What are Neuropeptides?
Neuropeptides are a class of signaling molecules in the brain. Signaling molecules are chemicals that transmit messages between neurons. The vast majority of signaling molecules in the brain are derived from peptides, which are small proteins.
HOW DO NEUROPEPTIDES WORK IN THE BRAIN?
Neuropeptides influence many of the systems that are disrupted in depression, such as emotional control (anxiety, aggression), sleep, eating, motivation, pleasure and arousal. Neuropeptides are modulatory compounds, meaning that they have effects over a longer time frame and over multiple interacting systems simultaneously.
Current small-molecule therapies for affective disorders such as depression and anxiety target the pathways of 'classical' neurotransmitters serotonin, norepinephrine, dopamine and acetylcholine. However, it is estimated that the number of neuropeptide signaling systems in the brain are between 50 and 100 – and may be as high as 200. Thus, the role of neuropeptides remains a significantly understudied component in the understanding of affective disorders.
Many of the side effects of current medications are related to the inability of the small-molecule therapies to bind to a single class of receptors or to specifically target the receptors involved in the illness. As a result, many other receptors will be affected, which can lead to side effects such as gastrointestinal and sexual dysfunction. With neuropeptides, side effects associated with systems unrelated to depression or anxiety are less likely because neuropeptides are much larger than small molecule-based drugs and, therefore, are more specific to their receptors and have less chance of binding receptors that are unrelated to the neuropeptide. In addition, neuropeptide degradation in the blood and tissues does not lead to the formation of toxic metabolic byproducts.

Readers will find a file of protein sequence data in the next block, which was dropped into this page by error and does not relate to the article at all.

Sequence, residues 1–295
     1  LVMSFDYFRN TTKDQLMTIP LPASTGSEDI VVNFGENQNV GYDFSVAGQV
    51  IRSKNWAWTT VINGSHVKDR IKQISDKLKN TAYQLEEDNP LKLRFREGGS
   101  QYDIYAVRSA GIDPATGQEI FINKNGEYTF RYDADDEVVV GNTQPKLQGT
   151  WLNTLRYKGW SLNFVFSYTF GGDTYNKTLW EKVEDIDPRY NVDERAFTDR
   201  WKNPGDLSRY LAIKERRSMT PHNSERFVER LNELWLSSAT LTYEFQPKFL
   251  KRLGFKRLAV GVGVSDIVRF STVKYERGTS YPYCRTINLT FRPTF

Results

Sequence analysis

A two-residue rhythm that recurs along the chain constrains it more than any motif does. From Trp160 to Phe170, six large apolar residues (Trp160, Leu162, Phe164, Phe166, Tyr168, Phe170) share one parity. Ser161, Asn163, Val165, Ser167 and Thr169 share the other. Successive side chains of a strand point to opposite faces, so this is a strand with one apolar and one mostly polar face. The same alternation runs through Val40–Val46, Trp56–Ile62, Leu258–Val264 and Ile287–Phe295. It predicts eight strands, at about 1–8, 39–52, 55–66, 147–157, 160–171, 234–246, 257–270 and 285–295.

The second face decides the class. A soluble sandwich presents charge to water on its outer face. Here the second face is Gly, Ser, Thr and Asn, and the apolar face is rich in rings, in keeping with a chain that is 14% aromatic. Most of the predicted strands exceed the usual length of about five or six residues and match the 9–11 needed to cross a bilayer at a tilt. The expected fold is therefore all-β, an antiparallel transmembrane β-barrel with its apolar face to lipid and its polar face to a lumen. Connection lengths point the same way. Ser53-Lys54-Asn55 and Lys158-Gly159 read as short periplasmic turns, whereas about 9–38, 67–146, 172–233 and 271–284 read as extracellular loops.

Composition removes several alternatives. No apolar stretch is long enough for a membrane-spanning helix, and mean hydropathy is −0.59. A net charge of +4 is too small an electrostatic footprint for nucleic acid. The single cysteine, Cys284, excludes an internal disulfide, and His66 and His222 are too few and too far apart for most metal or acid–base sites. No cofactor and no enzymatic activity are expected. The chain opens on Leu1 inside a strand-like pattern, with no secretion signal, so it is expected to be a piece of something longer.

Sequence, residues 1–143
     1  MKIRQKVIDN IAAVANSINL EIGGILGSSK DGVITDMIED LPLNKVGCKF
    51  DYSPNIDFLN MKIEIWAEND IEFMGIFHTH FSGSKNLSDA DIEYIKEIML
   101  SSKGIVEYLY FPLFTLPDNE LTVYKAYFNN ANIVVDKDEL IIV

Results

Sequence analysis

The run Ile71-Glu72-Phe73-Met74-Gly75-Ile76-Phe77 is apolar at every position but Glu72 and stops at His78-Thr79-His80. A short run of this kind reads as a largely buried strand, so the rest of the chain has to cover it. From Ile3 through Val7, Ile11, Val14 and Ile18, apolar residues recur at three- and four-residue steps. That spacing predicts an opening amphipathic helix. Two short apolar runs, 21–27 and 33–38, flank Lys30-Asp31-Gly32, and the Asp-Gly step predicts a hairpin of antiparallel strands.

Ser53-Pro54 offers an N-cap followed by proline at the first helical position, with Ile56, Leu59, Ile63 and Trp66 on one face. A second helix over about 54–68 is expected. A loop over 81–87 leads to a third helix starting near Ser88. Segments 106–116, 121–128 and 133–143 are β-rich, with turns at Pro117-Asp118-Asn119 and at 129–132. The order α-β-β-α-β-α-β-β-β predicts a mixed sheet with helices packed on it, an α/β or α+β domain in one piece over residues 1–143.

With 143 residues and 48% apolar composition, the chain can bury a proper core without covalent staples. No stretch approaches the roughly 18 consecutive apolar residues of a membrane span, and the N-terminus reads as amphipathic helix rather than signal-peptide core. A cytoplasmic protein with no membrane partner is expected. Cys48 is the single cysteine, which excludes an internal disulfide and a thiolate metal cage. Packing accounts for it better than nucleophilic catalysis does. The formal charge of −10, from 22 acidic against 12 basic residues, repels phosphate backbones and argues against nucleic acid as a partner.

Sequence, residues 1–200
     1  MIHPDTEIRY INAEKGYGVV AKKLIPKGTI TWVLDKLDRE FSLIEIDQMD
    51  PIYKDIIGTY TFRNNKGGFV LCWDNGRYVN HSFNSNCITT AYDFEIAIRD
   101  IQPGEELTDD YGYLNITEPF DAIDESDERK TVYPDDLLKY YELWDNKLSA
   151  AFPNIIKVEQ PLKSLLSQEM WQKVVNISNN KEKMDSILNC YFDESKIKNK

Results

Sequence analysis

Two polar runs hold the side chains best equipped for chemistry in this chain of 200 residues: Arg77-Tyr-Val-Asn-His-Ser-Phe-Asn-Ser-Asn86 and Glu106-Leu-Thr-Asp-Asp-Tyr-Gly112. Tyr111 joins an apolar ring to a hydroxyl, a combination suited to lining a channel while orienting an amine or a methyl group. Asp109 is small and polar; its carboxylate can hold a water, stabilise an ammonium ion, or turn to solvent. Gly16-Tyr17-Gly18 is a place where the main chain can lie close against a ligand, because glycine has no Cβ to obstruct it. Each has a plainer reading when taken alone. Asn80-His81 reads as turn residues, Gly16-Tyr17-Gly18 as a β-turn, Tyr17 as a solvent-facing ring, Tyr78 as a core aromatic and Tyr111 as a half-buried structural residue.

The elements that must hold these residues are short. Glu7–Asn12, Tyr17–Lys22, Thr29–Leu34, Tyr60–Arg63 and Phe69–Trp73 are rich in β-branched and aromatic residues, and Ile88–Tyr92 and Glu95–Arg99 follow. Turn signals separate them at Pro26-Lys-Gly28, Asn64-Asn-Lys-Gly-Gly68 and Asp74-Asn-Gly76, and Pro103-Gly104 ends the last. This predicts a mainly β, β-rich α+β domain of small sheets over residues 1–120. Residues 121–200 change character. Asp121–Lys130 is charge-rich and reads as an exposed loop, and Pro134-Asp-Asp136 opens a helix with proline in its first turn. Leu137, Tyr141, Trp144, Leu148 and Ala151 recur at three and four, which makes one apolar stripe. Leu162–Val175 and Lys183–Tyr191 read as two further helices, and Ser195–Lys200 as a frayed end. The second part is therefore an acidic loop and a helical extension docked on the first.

EMERGENCE OF NEUROPEPTIDE-BASED THERAPIES
The use of neuropeptide-based therapeutics has been limited in current therapeutic practices because many peptides are rapidly broken down in the body and are difficult to absorb across the gut (similar to reasons why insulin cannot be taken orally by diabetics).
Also, scientists traditionally did not think that peptides could enter the brain, due to their relatively large size and perceived difficulty in crossing what is known as the blood-brain barrier. However, many peptides are, in fact, transported into the brain. PT00114 crosses the blood-brain barrier to exert its action in specific areas of the brain.
For these reasons, investigations of peptide-based therapeutics may offer enormous potential.
POTENTIAL ADVANTAGES OF PEPTIDE-BASED THERAPIES
Compared with small-molecule therapeutics, peptides may be safer because they have different pathways of metabolism. Peptides may also have less chance of side effects compared with small molecules, because many of the small molecules were designed to block receptors and reuptake mechanisms to modify the function of the neurotransmitter system. Most neuropeptides, on the other hand, are used to activate receptor systems.
Peptides may also act more specifically than current treatments. Because neuropeptides are signaling molecules, they do not block receptors. By potentially acting more specifically than current treatments, a people may be able to retain the flexibility of emotion and feeling that is required to cope successfully in daily life and return to healthy levels of functioning. This is a key issue with current psychotropic medications, as people do not want to feel “drugged” or blunted emotionally.